The man I became by Peter Verhelst


The Man I became by Peter Verhelst

Belgian  fiction

Original title – Geschiedenis van een Berg

Translator – David Colmer

Source – review copy

It’s translation Thursday so I choose the latest book from one of my favourite publishers and the first in this years series. As you may or may not know every year Peirene collects their books around a theme, this years theme is Fairy tale. Peter Verhelst has written more than twenty books and has won a number of major prizes such as the Flemish state prize. This is his 11th novel . He is considered a post modernist writer, he also writes poetry and plays.

I don’t know exactly when – I still couldn’t think in terms of days and years, that’s how long ago it was – but the heat made us so drowsy that we nodded off and slept whole afternoon away in a heap, spread eagled on top of each other. We caught termites by pushing long twigs, as flexible as blade of grass, into their mounds and then licking the twigs clean.

Opening as the gorilla remembers where he was before he was captured

The man I became is the story of a gorilla told from his point of view, from being captured to arriving in europe where they start to turn the Ape to human to get him to fit in. The first way of trying to fit in first is at a cocktail party then he ends up at an over the top theme park. In this novel we meet the gorilla he learns to talk  and starts to think like a human even in the sense of times and starts on a path to become human in a way even thou he isn’t  but the more he sees of the human world the more he finds it against his own nature and then the theme park burns down.

Dreamland was a success. After every performance the applause was tumultuous. It attracted newspapers, magazines, camera crews. People came from all over the new world. The organizers decided to go from two shows a day to three. After a week the first accident happened. One of the Giraffes broke a leg. As a result the other giraffes had to work even more.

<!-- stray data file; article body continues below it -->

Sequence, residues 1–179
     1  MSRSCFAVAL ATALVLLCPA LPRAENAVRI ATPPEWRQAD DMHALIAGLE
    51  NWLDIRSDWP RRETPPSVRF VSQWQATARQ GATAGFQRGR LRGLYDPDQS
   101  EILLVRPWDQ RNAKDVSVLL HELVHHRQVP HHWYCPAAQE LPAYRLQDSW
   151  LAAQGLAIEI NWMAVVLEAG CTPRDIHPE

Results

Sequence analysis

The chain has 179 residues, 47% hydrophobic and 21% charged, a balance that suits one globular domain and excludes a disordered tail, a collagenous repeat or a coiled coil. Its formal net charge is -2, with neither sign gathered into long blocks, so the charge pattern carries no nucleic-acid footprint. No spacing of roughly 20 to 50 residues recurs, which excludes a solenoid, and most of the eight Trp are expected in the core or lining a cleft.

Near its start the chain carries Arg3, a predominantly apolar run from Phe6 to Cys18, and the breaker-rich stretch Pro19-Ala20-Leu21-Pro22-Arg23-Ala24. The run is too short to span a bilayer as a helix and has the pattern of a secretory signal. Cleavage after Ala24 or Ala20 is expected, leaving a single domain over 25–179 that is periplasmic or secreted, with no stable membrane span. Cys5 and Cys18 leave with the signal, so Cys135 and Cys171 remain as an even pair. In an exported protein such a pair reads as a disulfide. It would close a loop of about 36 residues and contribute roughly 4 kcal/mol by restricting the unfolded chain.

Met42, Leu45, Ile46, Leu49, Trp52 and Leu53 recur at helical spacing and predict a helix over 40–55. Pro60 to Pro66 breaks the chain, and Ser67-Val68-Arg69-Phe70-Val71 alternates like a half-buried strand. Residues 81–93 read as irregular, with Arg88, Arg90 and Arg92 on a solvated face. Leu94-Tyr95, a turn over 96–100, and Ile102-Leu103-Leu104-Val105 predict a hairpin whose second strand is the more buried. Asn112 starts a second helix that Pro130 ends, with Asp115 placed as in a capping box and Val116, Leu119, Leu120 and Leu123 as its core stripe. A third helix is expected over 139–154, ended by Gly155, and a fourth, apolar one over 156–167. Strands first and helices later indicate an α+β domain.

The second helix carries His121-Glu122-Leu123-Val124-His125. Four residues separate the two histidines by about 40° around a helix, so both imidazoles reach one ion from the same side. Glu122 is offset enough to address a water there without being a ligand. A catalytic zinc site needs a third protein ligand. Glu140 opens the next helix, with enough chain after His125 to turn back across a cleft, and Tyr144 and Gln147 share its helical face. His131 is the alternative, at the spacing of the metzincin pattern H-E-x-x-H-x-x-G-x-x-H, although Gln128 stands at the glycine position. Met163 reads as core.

At the morning meeting the next day, the human ordered me to take over several off his duties. He would be concentrating on the supply of new animals and trainers. I worked day and night to ensure that both the training and organization of the shows ran smoothly. the giraffe with the broken leg was nowhere to be seen

I liked this as I imagined removing the animal names and adding refugees being overworked !

This is not the first book told by an ape , I loved will self’s great apes years ago and this is on a similar vein the use of the gorilla is a symbol for showing the flaws in human nature . This is a clever way at looking at human nature , why would we want an ape to be a human ? , then be in a show on civilization with a whole load of other animals trying to be human. I loved the way dreamland is put together its like a nightmare version of disneyland put together by Werner Herzog. He also shows the way we can all break replace an Ape with say a Syrian man or a child from sub Saharan Africa and at the core of this is an allegory to being an outsider in a different place we don’t always fit and sometimes we need to break out.A powerful modern take on a fairy tale it does what Orwell did in animal farm and communism with a theme park and refugees or people forced into europe .

Have you read a book narrated by animal ?

7 Comments (+add yours?)

  1. Sarah
    Mar 03, 2016 @ 10:46:12

    This sounds really interesting, and is the second Peirene publication review that has caught my eye this week. I can see them becoming a bit of a fixture on my wish list!


  2. kaggsysbookishramblings
    Mar 03, 2016 @ 11:28:11

    I keep hearing good things about this one – and as I’m keen to explore more Peirene books I’ll add it to the wishlist! 🙂


  3. Cathy746books
    Mar 03, 2016 @ 11:38:09

    I won this through Novella November and am really looking forward to it!


  4. Melissa Beck
    Mar 03, 2016 @ 13:49:17

    I read Cat out of Hell from Melville House and it was narrated by a house cat. I loved that one as well, very funny!


  5. vicky blake
    Mar 04, 2016 @ 17:18:19

    Firmin: Adventures of a Metropolitan Low Life by Sam Savage is related by a rat who has learnt to read and lives in a second hand bookshop. I love it.


  6. Deepika Ramesh
    Mar 05, 2016 @ 09:38:29

    Thank you for writing about this book. I am surely going to read this, as I love books that feature animals, and books that are narrated by animals.

    I loved ‘The Art of Racing in the Rain’ by Garth Stein, ‘The Dalai Lama’s Cat’ by David Michie, ‘The One and Only Ivan’ by Katherine Applegate, and ‘War Horse’ by Michael Morpurgo. Animals are the narrators in those books.


  7. Tony
    Mar 07, 2016 @ 07:01:04

    One for me to fit in around the Man Booker choices – unless it gets picked, of course 😉


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March 2016


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